People with Medicaid coverage who live in states with medical marijuana laws are less likely to take medications commonly prescribed to treat conditions like nausea, pain, and depression, according to a new study.
The research, published last week in Health Affairs, looked at nine conditions and found reductions in prescriptions of medications used to treat depression (13%), nausea (17%), psychosis (12%), seizure disorders (12%), and pain (11%). There was no statistically significant difference for drugs used to treat anxiety, glaucoma, sleep disorders, and spasticity.
The study examined all fee-for-service Medicaid prescriptions between 2007 and 2014 in the 28 states and the District of Columbia that now have medical marijuana laws, comparing usage rates with states where medical marijuana is illegal.
Last year, they studied prescription-drug usage for the same conditions among Medicare beneficiaries in states where medical marijuana is legal. The findings were similar, with some small differences, Bradford said.
Medicaid beneficiaries tend to be younger and poorer than Medicare beneficiaries. In addition, younger people are more likely to use medical marijuana than individuals in their 60s or older although research from dispensaries has found that one-quarter of customers are older than 51, Bradford noted. Another difference is that people covered by Medicare are more likely to use medical marijuana to address anxiety and sleep disorders than the Medicaid population.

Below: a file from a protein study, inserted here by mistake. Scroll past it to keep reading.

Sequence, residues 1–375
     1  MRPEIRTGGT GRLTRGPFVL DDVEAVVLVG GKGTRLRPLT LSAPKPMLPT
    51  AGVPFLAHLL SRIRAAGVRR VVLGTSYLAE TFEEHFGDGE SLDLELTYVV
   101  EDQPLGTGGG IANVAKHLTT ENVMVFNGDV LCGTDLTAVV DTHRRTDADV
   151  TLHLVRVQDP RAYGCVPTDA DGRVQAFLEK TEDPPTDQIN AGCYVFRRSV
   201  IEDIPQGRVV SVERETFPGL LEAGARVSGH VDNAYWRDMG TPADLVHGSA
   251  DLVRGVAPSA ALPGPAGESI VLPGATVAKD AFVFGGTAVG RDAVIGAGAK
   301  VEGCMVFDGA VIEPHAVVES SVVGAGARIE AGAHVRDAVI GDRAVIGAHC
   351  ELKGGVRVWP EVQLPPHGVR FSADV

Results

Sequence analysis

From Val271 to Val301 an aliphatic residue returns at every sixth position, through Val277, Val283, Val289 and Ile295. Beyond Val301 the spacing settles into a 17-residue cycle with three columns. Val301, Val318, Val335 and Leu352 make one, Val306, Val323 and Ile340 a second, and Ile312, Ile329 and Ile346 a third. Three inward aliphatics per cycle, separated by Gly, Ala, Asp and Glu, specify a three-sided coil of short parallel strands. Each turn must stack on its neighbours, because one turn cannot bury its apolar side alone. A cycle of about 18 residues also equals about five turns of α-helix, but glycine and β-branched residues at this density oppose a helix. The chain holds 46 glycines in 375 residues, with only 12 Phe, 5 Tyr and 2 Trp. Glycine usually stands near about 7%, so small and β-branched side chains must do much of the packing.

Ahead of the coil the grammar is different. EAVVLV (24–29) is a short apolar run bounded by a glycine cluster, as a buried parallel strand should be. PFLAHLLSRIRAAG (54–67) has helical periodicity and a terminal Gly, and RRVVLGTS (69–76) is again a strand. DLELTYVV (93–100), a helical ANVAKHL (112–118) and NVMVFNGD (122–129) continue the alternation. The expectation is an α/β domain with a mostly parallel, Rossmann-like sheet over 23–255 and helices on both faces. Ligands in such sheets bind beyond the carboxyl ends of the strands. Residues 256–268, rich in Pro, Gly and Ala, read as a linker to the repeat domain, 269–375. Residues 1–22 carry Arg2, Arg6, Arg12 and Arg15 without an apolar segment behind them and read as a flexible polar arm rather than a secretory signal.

According to Express Scripts' most recent Drug Trend Report, spending among Medicaid beneficiaries on treatments for mental and neurological disorders fell 21.6% in 2016, while spending on drugs that treat pain and inflammation rose 3.9%. Spending on mental and neurological disorders among Medicare beneficiaries also fell in 2016, by 12.9%. The PBM attributed the decline in spending on drugs that treat mental and neurological disorders to new generic drugs. (Más)